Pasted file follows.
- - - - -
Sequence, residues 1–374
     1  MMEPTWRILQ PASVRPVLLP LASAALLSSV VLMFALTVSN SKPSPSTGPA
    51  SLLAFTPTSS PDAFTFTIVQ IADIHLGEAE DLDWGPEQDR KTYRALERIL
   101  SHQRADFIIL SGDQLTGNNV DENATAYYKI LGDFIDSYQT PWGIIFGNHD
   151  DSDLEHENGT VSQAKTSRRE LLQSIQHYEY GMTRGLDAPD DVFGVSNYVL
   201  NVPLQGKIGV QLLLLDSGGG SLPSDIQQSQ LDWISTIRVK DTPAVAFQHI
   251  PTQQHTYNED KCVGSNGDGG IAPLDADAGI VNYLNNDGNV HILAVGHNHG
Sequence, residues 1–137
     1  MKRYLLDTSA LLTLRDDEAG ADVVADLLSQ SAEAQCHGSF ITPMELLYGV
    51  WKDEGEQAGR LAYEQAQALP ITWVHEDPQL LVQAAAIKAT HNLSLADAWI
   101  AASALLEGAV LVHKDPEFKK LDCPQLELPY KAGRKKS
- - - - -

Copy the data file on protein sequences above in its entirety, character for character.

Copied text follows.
Sequence, residues 1–374
     1  MMEPTWRILQ PASVRPVLLP LASAALLSSV VLMFALTVSN SKPSPSTGPA
    51  SLLAFTPTSS PDAFTFTIVQ IADIHLGEAE DLDWGPEQDR KTYRALERIL
   101  SHQRADFIIL SGDQLTGNNV DENATAYYKI LGDFIDSYQT PWGIIFGNHD
   151  DSDLEHENGT VSQAKTSRRE LLQSIQHYEY GMTRGLDAPD DVFGVSNYVL
   201  NVPLQGKIGV QLLLLDSGGG SLPSDIQQSQ LDWISTIRVK DTPAVAFQHI
   251  PTQQHTYNED KCVGSNGDGG IAPLDADAGI VNYLNNDGNV HILAVGHNHG
Sequence, residues 1–137
     1  MKRYLLDTSA LLTLRDDEAG ADVVADLLSQ SAEAQCHGSF ITPMELLYGV
    51  WKDEGEQAGR LAYEQAQALP ITWVHEDPQL LVQAAAIKAT HNLSLADAWI
   101  AASALLEGAV LVHKDPEFKK LDCPQLELPY KAGRKKS